Bear in mind that this account pays your interest into a nominated account on a monthly basis, so you won’t benefit from compounded interest. The actual interest you will earn, therefore, is 5.84% (or 2.99% if you make a withdrawal) – which is still better than the top fixed-rate bonds.
Principality also offers a fixed-rate regular savings account with an AER of 5%. You must pay in between £20 and £500 a month, and no withdrawals are allowed.
Be aware that if you miss a payment, Principality will move your money into an instant access account with a bottom tier rate of interest for the full 12 months.
Finally, Abbey’s fixed monthly saver account pays 4.49% AER on monthly deposits between £20 and £250. No withdrawals are allowed, and if you miss a payment you’ll earn just 0.1% AER for that month only.
If you haven’t yet used your 2007/08 ISA allowance then there is still time to put up to £3,600 away in a tax-free savings account.
Halifax offers the top fixed-rate cash ISA, paying 4% AER on its four-year bond. You need to have at least £500 to open this ISA, but bear in mind that further deposits are not permitted. Halifax allows you to transfer previous ISA savings into this account.
However, if you don’t want to tie your money up for four years, then the Dunfermline Building Society pays 3.75% AER until 31 October 2011 on its fixed-rate ISA. You need £100 to open this account, and further deposits are permitted. However, transfers of old ISAs are not allowed.
There are limits to how much you can invest in any tax year. For 2011/12, the limit is £10,680. Of that, the maximum you can invest in cash is £5,340 and the balance of £5,340 can be invested in shares (individual company shares or investment funds). If you don’t take the cash ISA allowance, you can invest up to £10,680 into a stocks and shares ISA.
Invidivual Savings Accounts were introduced on 6 April 1999 to replace personal equity plans (PEPs) and tax-exempt special savings accounts (TESSAs) with one plan that covered both stockmarket and savings products, the returns from which are tax-exempt. The ISA is not in itself an investment product. Rather, it’s a tax-free “wrapper” in which you place investments and savings up to a specified annual allowance where the returns (capital growth, dividends, interest) are tax-exempt (you don’t have to declare ISAs and their contents on your tax return). However, any dividends are taxed within the investment, and that can’t be reclaimed.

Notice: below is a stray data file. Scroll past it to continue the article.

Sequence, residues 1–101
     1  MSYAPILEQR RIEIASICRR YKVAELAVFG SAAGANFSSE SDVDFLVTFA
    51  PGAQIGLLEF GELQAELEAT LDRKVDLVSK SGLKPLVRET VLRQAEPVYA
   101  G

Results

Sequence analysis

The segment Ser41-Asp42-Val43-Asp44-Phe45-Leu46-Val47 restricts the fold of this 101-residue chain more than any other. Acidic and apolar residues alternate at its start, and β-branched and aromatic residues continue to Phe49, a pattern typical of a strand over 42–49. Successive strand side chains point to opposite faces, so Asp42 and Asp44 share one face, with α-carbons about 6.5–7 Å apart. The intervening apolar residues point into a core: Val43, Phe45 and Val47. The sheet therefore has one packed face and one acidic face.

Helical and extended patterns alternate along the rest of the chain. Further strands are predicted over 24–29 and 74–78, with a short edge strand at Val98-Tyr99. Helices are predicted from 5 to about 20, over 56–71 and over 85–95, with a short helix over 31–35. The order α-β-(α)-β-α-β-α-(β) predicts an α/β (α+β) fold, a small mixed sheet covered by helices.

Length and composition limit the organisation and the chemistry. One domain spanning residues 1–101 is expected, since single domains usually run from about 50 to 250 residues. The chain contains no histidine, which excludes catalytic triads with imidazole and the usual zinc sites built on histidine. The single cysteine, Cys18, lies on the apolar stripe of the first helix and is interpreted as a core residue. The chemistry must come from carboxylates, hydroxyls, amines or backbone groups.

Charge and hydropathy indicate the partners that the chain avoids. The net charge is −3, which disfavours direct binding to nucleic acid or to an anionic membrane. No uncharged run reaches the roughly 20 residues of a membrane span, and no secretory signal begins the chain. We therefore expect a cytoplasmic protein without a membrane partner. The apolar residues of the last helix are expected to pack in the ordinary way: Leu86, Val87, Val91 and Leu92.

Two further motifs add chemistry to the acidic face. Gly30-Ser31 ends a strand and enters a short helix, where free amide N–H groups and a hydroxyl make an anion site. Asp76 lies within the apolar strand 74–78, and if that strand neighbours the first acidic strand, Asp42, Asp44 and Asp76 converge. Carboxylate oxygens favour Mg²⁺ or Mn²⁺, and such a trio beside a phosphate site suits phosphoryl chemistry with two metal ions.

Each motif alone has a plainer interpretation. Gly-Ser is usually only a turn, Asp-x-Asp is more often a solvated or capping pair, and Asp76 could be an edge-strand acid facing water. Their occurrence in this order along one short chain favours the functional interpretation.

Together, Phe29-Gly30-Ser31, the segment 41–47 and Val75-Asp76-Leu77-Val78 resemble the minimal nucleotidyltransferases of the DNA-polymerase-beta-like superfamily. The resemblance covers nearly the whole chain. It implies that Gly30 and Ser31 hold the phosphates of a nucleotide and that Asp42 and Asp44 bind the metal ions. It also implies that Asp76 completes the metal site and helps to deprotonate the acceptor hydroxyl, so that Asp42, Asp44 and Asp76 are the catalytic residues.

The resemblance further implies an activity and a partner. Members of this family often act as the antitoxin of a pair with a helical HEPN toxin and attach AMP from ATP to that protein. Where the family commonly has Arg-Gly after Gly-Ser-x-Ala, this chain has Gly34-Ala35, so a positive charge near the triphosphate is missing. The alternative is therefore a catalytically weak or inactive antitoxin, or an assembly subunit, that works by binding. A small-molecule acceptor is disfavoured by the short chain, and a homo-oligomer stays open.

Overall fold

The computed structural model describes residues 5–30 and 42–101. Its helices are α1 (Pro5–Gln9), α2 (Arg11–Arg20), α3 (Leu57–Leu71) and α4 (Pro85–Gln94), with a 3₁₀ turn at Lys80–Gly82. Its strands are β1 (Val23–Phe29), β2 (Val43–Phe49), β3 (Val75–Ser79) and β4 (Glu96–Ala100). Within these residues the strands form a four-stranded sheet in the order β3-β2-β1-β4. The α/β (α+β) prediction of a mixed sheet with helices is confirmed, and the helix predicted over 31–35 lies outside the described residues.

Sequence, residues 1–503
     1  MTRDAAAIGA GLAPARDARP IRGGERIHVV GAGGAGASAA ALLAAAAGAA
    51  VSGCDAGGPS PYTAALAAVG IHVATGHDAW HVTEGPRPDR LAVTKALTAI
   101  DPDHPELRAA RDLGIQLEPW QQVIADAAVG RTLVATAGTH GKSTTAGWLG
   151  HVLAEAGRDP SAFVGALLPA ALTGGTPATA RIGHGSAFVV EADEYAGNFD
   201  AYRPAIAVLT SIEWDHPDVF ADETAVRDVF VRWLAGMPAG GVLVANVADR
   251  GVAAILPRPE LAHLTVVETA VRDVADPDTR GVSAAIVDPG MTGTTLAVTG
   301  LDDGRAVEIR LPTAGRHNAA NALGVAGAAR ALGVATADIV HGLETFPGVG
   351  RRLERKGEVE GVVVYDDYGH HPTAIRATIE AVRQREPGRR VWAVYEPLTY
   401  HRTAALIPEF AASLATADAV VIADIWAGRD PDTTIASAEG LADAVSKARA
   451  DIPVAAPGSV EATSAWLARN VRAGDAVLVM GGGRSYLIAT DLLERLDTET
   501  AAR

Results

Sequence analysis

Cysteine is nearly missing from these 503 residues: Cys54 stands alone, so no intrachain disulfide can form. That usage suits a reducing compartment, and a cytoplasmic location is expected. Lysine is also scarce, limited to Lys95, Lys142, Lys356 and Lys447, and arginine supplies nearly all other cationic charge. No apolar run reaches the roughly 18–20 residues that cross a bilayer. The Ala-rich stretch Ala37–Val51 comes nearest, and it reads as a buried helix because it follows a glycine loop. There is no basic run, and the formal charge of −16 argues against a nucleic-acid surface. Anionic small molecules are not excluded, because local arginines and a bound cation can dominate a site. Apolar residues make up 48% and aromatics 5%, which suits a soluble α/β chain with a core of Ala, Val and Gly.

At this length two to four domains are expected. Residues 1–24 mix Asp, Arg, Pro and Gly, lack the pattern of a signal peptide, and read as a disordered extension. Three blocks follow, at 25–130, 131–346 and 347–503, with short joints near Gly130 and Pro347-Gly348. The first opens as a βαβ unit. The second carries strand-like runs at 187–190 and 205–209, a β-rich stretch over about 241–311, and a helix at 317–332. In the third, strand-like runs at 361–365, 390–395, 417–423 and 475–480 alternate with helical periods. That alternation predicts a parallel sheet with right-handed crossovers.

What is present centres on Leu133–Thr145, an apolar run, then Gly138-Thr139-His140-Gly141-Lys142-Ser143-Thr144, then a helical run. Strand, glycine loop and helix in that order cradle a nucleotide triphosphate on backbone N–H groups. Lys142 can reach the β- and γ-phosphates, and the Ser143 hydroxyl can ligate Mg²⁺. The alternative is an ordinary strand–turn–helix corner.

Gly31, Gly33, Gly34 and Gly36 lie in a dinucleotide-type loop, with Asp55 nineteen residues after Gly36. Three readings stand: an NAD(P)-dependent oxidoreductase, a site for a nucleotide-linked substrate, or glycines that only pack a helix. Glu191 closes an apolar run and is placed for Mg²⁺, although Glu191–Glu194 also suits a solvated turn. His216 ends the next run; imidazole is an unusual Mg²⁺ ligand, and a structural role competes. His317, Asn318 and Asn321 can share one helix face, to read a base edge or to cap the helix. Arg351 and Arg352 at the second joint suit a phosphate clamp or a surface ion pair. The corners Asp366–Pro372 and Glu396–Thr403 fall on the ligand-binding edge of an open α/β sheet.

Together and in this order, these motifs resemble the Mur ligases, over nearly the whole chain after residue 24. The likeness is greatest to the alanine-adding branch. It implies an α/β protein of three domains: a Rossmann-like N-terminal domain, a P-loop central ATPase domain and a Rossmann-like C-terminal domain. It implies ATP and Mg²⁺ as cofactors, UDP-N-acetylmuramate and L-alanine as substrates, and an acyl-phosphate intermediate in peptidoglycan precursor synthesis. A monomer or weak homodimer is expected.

Also referred to as the bank rate or the minimum lending rate, the Bank of England base rate is the lowest rate the Bank uses to discount bills of exchange. This affects consumers as it is used by mainstream lenders and banks as the basis for calculating interest rates on mortgages, loans and savings.
Where APR is the rate charged for money borrowed, Annual equivalent rate is how interest is calculated on money saved. The AER takes into account the frequency the product pays interest and how that interest compounds. So, if two savings products pay the same rate of interest but one pays interest more frequently, that account compounds the interest more frequently and will have a higher AER.
This is a mutual organisation owned by its members and not by shareholders. These societies offer a range of financial services but have historically concentrated on taking deposits from savers and lending the money to borrowers as mortgages, hence the name. In the mid-1990s many societies “demutualised” and became banks. One academic study (Heffernan, 2003) found demutualised societies’ pricing on deposits and mortgages was more favourable to shareholders than to customers, with the remaining mutual building societies offering consistently better rates. In 1900, there were 2,286 building societies in the UK; in 2011, there are just 51.